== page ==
Casual Workers Are Calling On Govt To Reintroduce COVID Disaster Payments If They Test Positive


Folks in the hospitality and retail industries are calling on the federal government to bring back the $750 disaster payment. Industry spokespeople argue that with the rising number of COVID cases in Australia, it’s becoming harder for workers to stay safe while still earning a living.

As of June 30, Australians without sick leave can no longer access the $750 disaster payment. While it was still available, the cash allowed workers to take time off work to recover from COVID during their government-mandated seven day isolation.

With active cases across the nation nearly totalling 300,000, the Australian Council of Trade Unions and the Australian Manufacturing Workers’ Union have joined service industry representatives in calling for the reintroduction of the disaster payment.

Inner Sydney Barista Julian O’Neill said “a lot of us (hospitality workers) live week-to-week… If you are sick, and you’re not working full time, so you don’t get sick leave, you miss out on money for groceries, rent, bills, just life,” as per the Sydney Morning Herald.

Head of Restaurant and Catering Australia Belinda Clarke also told the SMH that if the payments weren’t brought back “there could be an increased spread of COVID-19 among hospitality staff which would strain the labour force in our industry”.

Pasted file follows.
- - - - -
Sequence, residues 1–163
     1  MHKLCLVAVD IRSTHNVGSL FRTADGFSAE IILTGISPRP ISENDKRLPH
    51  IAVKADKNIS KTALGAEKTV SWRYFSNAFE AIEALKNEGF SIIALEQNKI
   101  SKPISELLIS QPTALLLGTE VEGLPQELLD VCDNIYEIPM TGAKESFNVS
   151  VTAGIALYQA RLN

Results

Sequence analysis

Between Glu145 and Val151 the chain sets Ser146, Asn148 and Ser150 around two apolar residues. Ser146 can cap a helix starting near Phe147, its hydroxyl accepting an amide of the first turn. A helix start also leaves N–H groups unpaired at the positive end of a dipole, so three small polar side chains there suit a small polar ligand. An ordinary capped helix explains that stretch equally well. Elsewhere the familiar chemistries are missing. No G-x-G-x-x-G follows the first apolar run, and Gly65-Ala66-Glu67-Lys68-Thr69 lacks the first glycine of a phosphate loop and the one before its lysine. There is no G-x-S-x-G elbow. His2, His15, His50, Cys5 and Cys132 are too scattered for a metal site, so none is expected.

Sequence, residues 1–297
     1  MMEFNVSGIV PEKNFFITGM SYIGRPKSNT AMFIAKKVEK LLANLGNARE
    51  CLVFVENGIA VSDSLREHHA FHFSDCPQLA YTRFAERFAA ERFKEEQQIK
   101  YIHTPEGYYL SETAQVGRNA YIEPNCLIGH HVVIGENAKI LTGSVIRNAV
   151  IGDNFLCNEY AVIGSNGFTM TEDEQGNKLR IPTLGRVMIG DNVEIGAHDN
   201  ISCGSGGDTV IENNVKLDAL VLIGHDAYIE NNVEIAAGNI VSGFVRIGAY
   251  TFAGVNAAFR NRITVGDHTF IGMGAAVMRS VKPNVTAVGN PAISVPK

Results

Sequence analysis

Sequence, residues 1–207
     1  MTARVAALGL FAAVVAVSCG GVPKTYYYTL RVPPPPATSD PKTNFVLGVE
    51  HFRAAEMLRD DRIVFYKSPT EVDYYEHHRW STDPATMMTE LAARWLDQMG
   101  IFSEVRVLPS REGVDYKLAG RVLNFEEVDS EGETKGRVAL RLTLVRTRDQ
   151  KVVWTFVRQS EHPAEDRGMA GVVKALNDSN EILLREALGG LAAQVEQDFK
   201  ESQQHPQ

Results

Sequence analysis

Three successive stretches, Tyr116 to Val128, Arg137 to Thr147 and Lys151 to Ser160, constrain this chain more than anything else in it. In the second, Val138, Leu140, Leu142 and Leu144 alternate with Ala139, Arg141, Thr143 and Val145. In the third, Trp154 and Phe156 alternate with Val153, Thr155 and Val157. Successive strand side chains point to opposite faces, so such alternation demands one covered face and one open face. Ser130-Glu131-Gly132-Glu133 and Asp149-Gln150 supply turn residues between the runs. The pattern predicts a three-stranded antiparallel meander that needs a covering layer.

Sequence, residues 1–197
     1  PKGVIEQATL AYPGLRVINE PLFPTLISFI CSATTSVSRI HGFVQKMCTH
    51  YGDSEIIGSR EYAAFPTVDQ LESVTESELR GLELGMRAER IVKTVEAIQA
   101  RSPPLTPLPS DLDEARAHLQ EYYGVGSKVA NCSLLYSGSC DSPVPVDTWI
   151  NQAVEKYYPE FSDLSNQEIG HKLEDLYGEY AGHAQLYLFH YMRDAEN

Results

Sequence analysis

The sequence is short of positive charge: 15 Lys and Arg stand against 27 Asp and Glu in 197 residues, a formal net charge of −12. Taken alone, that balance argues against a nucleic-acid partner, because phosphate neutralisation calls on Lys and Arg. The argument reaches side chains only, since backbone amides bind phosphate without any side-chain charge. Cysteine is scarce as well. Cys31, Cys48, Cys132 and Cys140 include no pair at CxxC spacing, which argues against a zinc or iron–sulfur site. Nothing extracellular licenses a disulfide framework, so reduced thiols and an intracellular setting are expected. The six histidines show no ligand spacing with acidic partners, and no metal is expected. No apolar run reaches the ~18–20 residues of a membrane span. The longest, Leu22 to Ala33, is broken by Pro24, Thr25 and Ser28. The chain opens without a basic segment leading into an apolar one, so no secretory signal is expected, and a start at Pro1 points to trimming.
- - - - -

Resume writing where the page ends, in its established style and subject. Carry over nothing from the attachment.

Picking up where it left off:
In response, the federal government’s Emergency Management Minister Murray Watt defended the decision.

“It was the decision of the Morrison government to end the temporary Pandemic Leave Disaster Payment on June 30 and the new government is confirming that decision,” Watt said as per the ABC.

“The requirements for when people need to isolate, and for how long, have been significantly reduced since the payment was introduced,” the minister said.

Despite the lifting of close contact isolation requirements,  the isolation period for COVID-positive Aussies is still seven days.

In Victoria hospitality and other casual workers can access five days of sick leave. However in other states, the ending of the $750 disaster payment will no doubt cause stress for many workers.

The news comes just weeks after it was announced that the wages of Australia’s minimum wage workers would increase in line with inflation.

In June Fair Work Commission handed down its decision to raise the minimum wage by 5.2 per cent after strong pushes from the Labor Government and workers’ rights groups.

Commission President Iain Ross announced that the minimum wage would go up from $20.33 to $21.38 an hour, or from $772.60 to $812.60 per week.